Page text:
Bachelor of Business Administration in Accounting
1 Up to seven hours of core requirements in economics
and calculus may also be taken for General Education credit. Students
who take the General Education packages and courses recommended by the
College of Business will have only 38 credit hours of additional B.B.A.
In counting the 60 credit hours of nonbusiness courses, B.B.A. students may include all hours taken in General Education (usually 41-44), up to a total of nine hours in economics (GECON courses must be counted as economics), and three hours of COB 191, Business Statistics. The remaining hours, to bring the total to 60, must be taken from departments outside the College of Business. Students should carefully select these nonbusiness electives to help them gain additional knowledge and expertise for their careers and personal lives. A list of approved electives is available from the College of Business Academic Services Center.
Recommended Schedule for Majors
First Two Years
Students planning to major in accounting must complete the 29-30 hour lower-division B.B.A. curriculum prior to enrolling in upper-division core courses normally taken in the first semester of the junior year. It is expected that the lower-division core curriculum will be completed during the first two years of study along with all, or most, of the university General Education curriculum. Failing to complete all lower-division core requirements on time will delay enrollment in upper-division core and major courses until at least the second semester of the junior year.
Public Administration Concentration
JMU offers a specialty concentration in Public Administration. This concentration requires two alternative courses (ACTG 420 and ACTG 450) and a public administration (PUAD) non-business elective. These courses offer the student the opportunity to gain more knowledge about the government environment. Students will examine the standards under which the government financial manager performs accounting, financial reporting, and budget functions, as well as how to organize and conduct operational audits. Student completing the Public Administration concentration will pursue careers in government, internal audit, and not-for-profit organizations.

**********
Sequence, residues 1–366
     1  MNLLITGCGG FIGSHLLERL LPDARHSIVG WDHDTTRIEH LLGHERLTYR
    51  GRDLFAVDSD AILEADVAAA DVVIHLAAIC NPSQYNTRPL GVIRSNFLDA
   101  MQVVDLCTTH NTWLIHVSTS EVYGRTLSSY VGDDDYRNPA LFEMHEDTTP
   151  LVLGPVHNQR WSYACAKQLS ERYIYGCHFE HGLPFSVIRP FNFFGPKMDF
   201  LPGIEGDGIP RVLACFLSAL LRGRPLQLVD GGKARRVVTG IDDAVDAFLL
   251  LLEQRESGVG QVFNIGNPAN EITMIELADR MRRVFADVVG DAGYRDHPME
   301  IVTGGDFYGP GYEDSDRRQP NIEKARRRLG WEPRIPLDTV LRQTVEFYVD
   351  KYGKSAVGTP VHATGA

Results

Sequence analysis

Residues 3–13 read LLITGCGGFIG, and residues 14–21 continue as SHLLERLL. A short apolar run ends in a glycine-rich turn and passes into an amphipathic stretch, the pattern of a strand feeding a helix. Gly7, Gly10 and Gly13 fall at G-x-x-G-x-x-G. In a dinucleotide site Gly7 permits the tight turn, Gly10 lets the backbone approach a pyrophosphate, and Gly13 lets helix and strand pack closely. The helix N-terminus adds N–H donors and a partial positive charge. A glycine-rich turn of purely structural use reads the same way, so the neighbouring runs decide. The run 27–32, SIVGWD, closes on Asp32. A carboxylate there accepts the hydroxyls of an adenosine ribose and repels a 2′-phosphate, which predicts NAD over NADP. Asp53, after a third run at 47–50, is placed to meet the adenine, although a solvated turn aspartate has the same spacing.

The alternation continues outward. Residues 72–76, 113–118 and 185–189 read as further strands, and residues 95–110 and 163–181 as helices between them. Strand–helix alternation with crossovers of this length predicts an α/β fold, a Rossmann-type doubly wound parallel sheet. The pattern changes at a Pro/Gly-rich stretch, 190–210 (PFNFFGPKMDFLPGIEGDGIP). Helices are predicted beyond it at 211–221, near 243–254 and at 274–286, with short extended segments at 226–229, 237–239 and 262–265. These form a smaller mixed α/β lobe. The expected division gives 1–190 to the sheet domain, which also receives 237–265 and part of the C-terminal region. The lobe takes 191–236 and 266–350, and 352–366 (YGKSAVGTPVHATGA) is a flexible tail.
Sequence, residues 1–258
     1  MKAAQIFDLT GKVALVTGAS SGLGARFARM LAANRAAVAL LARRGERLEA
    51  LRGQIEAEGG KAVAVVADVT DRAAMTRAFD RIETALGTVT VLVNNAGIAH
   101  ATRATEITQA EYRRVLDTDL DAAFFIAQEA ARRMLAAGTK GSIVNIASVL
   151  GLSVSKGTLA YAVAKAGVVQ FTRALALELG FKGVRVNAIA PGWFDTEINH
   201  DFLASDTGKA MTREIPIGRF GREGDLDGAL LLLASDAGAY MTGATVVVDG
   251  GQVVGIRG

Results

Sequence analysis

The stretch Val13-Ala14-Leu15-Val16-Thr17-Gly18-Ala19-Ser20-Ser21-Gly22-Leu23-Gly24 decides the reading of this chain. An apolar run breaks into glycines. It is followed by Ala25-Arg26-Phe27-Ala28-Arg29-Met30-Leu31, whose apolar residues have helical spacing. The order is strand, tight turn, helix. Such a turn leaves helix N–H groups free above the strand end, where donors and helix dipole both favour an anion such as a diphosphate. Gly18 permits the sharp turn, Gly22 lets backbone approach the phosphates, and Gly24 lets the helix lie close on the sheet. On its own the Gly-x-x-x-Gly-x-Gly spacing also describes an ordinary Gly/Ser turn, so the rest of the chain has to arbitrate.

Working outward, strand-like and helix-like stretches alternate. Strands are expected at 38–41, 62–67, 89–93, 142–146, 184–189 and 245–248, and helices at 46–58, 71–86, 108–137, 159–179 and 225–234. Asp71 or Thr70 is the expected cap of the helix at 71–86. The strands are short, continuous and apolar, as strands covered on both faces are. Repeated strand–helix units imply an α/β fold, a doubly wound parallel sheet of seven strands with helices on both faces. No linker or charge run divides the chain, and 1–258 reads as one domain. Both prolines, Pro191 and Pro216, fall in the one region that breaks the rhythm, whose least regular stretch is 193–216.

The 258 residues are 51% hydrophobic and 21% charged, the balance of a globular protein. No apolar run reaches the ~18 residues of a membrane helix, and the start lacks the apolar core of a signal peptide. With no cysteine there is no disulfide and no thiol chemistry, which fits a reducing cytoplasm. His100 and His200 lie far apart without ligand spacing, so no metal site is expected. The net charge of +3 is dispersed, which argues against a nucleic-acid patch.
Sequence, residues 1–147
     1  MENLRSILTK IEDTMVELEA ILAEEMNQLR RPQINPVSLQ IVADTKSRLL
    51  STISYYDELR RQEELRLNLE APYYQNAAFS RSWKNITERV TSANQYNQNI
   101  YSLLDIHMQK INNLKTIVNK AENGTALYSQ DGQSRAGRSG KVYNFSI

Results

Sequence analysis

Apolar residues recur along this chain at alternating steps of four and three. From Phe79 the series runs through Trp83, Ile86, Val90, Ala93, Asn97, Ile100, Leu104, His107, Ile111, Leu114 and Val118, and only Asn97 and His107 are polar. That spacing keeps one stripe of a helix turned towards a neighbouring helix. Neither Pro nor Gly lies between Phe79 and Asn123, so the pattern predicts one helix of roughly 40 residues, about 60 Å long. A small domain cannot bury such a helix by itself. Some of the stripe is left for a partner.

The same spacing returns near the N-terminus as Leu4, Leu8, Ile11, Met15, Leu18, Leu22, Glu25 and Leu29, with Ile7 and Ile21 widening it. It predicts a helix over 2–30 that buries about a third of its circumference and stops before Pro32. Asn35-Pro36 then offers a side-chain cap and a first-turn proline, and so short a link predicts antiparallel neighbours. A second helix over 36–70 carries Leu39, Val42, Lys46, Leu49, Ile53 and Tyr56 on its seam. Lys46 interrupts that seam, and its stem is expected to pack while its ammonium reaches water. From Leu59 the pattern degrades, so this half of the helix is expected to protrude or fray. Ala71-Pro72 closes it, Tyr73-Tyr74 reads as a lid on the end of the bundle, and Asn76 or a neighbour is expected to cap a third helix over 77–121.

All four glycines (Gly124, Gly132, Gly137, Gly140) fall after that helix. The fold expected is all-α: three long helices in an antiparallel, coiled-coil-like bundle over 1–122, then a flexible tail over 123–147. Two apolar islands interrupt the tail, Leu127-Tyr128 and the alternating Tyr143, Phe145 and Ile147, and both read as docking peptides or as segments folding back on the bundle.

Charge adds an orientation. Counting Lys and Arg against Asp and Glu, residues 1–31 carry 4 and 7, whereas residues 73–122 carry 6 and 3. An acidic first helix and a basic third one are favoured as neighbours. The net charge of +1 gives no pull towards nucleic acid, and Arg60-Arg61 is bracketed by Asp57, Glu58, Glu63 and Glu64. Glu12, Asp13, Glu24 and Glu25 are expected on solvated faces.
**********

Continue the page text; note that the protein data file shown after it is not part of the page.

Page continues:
Many graduates desire to gain certifications in their selected area
of specialization. The Certified Public Accountant (CPA) is the best
known of these certifications. Effective 2006, students taking the CPA
exam in Virginia will have to meet a 150-hour education requirement
in order to sit for the CPA exam. The requirements for other states
vary. However, most states already require students to meet the 150-hour
educational requirement. The five-year Professional Program is recommended
for those electing a career in public accounting.
The computer is the primary tool of today's accountant. The JMU accounting program gives students extensive hands-on experience using sophisticated technological tools in solving accounting problems. Most or all courses in the accounting program require computer usage, Internet reference, CD-ROM-based research and other uses of technology.
In general, all upper-division accounting course work (300-499) must be completed at JMU. Transfer credit for upper-division courses is awarded only in certain circumstances. In no case will transfer credit be awarded for more than two upper-division courses, and in no case will transfer credit be awarded for either of the corporate financial reporting (ACTG 343 or ACTG 344) courses. Contact the College of Business Academic Services Center for more information on transfer credit.